Last year, a friend of mine Cactigh introduced me to Inscryption during one of his streams. I started playing alongside him, and quickly became obsessed. So obsessed, that I had to uninstall the game on my PC because I would keep playing instead of working.
Describing Inscryption is an interesting proposition. It’s a collectible deckbuilding card game. At least, to begin with. Then there is an escape room puzzle element, an NES-style RPG, an ARG, rougelite, and a mystery – all in one. But you don’t know that up front. If Inscryption hadn’t come out last year I wouldn’t be talking about any of the later elements.
Inscryption is a puzzle gamer’s bread and butter. Everything about the game is a puzzle, and a major puzzle is which layer you are currently working on. It doesn’t make a lot of sense if you haven’t played the game, and it can sound like way too much to jump into. But it works, because you can play only the ‘surface layer’ of Inscryption, or delve deep into the game.
It does look like a steep learning curve to Inscryption. You do not start a new game, but continue a game already in progress. You then play against a barely seen opponent, and eventually lose. The loss isn’t scripted, but you are trying to work out the rules as you go. And when you lose, there is an interesting price to be paid…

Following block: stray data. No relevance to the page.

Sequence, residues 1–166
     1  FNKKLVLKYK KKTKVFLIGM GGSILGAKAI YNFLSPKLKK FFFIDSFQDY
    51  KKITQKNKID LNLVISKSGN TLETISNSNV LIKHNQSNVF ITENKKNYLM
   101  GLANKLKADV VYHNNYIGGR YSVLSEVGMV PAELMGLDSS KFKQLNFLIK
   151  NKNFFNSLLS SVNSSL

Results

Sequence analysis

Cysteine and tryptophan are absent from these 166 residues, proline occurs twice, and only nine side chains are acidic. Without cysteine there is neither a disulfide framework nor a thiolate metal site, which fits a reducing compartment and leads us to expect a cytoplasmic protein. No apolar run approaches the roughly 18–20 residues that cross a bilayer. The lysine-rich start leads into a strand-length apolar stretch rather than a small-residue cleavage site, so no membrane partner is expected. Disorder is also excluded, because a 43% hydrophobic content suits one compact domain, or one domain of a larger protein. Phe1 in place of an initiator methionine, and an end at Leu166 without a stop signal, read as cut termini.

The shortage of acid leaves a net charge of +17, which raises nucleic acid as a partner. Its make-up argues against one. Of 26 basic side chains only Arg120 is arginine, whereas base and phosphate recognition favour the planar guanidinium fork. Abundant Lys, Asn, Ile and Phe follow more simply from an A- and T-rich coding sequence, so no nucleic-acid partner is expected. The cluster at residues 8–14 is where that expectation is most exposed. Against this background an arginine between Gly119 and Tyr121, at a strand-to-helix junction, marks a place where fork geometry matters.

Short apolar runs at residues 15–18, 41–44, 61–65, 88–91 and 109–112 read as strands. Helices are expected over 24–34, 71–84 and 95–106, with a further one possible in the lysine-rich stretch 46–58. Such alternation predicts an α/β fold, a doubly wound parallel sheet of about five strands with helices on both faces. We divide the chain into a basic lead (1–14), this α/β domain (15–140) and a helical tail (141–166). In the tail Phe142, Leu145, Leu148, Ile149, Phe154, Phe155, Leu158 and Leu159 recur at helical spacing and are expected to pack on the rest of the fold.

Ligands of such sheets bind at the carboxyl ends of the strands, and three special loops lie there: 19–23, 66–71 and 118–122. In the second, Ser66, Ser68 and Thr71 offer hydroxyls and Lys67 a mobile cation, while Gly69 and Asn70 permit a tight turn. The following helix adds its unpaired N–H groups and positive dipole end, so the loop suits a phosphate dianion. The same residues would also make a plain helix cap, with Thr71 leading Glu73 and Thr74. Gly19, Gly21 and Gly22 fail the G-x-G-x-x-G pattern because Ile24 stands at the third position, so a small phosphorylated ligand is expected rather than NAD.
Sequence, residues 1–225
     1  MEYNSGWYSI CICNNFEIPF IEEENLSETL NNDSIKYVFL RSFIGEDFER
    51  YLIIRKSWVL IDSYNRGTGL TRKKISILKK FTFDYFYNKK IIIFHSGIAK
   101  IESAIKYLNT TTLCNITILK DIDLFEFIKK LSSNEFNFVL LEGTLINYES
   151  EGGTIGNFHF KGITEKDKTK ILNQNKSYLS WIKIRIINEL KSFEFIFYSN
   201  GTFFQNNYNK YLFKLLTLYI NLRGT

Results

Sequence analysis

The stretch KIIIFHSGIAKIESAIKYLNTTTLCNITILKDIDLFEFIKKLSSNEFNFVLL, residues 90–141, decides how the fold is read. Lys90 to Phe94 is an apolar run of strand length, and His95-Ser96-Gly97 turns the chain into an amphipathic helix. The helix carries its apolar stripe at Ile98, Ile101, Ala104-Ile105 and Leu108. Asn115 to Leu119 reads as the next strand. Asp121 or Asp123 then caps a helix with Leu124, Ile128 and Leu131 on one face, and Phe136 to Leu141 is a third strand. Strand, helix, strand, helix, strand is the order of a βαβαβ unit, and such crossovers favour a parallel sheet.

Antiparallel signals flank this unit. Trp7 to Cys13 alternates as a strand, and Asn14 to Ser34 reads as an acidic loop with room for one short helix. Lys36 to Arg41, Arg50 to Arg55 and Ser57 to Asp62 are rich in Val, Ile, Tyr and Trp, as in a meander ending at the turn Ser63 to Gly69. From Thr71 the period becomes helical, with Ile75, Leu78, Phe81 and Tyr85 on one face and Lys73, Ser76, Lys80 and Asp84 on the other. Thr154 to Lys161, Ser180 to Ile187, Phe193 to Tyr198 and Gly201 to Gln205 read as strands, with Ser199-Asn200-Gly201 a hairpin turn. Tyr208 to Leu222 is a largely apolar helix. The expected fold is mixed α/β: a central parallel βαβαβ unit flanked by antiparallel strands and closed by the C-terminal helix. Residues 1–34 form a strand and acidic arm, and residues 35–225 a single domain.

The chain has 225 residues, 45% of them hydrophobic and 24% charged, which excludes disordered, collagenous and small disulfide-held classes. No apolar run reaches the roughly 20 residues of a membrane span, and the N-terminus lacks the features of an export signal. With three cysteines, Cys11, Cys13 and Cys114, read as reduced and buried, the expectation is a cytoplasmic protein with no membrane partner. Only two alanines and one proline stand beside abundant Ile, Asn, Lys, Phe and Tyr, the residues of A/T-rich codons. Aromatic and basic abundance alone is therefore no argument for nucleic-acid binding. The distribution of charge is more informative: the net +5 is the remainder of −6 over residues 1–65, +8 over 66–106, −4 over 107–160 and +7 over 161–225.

Defeating Leshy allows you to actually start a new game. This is where the RPG element comes in, and where the story begins to unfold for the player. You can follow the dots as a simple RPG, similar to Pokemon. Or, you can start finding secrets and exploring not just within the game, but other places as well.
As an example, think Doki Doki Literature Club. That should be enough of a hint for anyone interested. 🙃
I am currently in the middle of Act 3 of 4. Looking at the trophy list, it seems all the post-game changes are included on PlayStation. I don’t know if I will Platinum Inscryption, but I am going to enjoy finishing it again!
If your curiosity is peaked at all, check any YouTube playthrough from the start of the game. Watch the first 30-40 minutes, and if you aren’t hooked you won’t be. But if you are, and find yourself noting plays or wanting to investigate little things, pick up Inscryption. You will be glad you did.